Adrian Beltre -- Anyone who still thinks the Mariners' 5 year, $64MM deal for Beltre was a mistake deserves a complimentary colonoscopy. He's an above-average hitter and an exceptional third baseman (+13 runs per season over the past two). At three wins on offense and one and a half on defense, Beltre's All-Star caliber performances are worth $18MM on today's free agent market . His power numbers would be a lot more impressive outside of Safeco, too.

Joe Mauer -- Justin Morneau gets all the love sent in the direction of the Twins' offense -- which appropriately isn't all that much -- but Mauer is every bit as productive with the bat and is one of the top ten defensive assets in the game. Morneau certainly has more power (and RBIs), but only holds a career .050 point advantage in SLG, which Mauer easily counters with a career .050 point advantage in OBP. Overall, Mauer's career OPS+ is better, 127 to 122. Morneau has a slight advantage this year, 140 to 135, but Mauer had the edge in the previous two seasons, including Morneau's 2006 MVP campaign.

Chase Utley -- With his hot start to the 2008 season, I thought Utley might finally get the recognition he deserves. But with a depressed second half the Ryan Howard-for-MVP talk has again heated up, leaving Utley as the most productive Phillie for three straight seasons and the least appreciated Phillie over that span as well. Thanks to a Biggio-like ability to get hit by pitches, his career OBP is .375 and it's not easy to find a second baseman who can slug .525. Now add an Ozzie-like glove to that offensive talent and you've got Utley. Ok, that Ozzie comment might be a slight exaggeration, but when a single player can claim to be both the best hitter and the best fielder at his position, he's something special.

Grady Sizemore -- Just like Albert Pujols has been the clear-cut best National League player, Sizemore takes on that role in the national league. His raw rate stats can stack up to everyone outside the likes of ARod, Milton Bradley, Kevin Youkilis, Carlos Quentin, Aubrey Huff, and Nick Markakis, and his high plate appearance total closes the gap. But none of those guys can come close to Sizemore's defensive value, vaulting him ahead by over a full win. All of his first four full seasons have been remarkably similar in value, too.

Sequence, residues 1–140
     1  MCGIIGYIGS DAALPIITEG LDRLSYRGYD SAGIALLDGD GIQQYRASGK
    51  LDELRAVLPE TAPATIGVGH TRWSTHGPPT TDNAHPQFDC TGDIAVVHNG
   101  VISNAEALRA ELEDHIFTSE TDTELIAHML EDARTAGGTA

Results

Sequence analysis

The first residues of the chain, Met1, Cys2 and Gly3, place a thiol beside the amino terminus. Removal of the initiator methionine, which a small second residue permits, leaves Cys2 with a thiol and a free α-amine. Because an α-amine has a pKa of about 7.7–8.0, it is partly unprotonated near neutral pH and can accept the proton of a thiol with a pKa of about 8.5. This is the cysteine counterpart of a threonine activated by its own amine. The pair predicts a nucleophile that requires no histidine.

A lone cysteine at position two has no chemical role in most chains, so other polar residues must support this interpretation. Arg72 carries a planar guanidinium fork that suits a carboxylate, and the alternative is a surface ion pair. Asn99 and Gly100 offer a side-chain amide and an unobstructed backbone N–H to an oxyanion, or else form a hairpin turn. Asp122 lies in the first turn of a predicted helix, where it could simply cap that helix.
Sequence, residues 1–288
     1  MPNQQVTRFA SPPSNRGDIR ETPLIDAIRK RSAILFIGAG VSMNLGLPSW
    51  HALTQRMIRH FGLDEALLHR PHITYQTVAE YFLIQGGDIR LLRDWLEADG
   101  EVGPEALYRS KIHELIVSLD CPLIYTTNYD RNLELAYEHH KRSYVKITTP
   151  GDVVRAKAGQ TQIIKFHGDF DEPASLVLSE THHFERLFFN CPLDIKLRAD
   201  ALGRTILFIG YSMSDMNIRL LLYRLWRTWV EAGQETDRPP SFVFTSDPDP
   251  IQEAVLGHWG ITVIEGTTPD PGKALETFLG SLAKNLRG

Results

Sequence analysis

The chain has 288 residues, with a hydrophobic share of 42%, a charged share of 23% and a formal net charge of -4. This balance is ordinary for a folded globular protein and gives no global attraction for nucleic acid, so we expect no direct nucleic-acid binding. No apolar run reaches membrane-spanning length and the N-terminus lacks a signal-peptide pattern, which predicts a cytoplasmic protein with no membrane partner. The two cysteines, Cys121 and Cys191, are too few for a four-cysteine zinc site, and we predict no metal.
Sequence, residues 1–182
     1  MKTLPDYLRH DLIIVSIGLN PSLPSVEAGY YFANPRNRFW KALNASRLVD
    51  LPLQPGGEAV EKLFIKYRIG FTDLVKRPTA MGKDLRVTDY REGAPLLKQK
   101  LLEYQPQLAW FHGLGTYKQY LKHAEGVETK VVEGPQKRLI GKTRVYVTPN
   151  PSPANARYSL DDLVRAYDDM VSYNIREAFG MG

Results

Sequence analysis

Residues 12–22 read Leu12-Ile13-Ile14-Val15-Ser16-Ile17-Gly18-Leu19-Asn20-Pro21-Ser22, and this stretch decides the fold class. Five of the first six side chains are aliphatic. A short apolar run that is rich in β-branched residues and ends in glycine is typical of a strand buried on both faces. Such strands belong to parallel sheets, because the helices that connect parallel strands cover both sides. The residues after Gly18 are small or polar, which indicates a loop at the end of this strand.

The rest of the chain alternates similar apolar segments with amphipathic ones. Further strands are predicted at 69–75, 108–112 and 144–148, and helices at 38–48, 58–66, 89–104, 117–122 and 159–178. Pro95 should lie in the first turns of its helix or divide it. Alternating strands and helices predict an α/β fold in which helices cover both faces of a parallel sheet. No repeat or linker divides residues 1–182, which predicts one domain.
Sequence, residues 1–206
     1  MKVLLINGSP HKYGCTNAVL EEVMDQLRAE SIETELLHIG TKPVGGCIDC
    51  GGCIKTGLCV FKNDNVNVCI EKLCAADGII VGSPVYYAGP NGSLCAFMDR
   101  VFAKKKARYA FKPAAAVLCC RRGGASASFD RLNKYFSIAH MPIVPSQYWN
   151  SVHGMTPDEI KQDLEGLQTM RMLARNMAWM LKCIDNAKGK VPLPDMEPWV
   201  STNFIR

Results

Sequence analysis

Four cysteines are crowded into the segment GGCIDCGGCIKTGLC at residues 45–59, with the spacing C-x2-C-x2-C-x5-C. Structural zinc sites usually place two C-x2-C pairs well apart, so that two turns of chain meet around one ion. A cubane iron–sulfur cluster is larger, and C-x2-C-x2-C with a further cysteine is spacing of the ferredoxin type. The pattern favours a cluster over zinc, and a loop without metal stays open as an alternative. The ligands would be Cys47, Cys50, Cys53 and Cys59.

Brian Giles -- The greatest trick the devil ever pulled was convincing the world he didn't exist. Giles' trick of convincing baseball fans he's somehow not a superstar is pretty interesting as well. A raw line of .304/.396/.449 is pretty sweet (you did notice the near-.400 OBP, right?), but it's awesome coming in PETCO, which reduces run scoring by one run per game per team compared to a neutral park. Translating Giles' performance into 4.6 RPG environment makes it look more like .322/.415/.473, which is of similar value to a .322/.365/.553 line (trading OBP for power.) Oh, and Giles' glove has averaged +10 runs in right field over the last two years, making him as valuable defensively as the average center fielder.

Carlos Beltran -- Carlos Delgado, David Wright, and Jose Reyes receive more credit for the Mets' success this year, but there's a good argument that Beltran has been the National League's MVP. I can only think of one thing Beltran doesn't do significantly better than the average player, and that's hit for average. He walks, hits for power, is a stud baserunner, plays center field, and is a Gold Glover out there. Defense is probably the most underrated skill in baseball right now, and guys who do everything well instead of doing one thing extremely well tend to fly under the radar. If you know a Mets fan, tell them to stop expecting Beltran to live up to his $18MM-per-season contract and realize he's performing like a $25MM stud.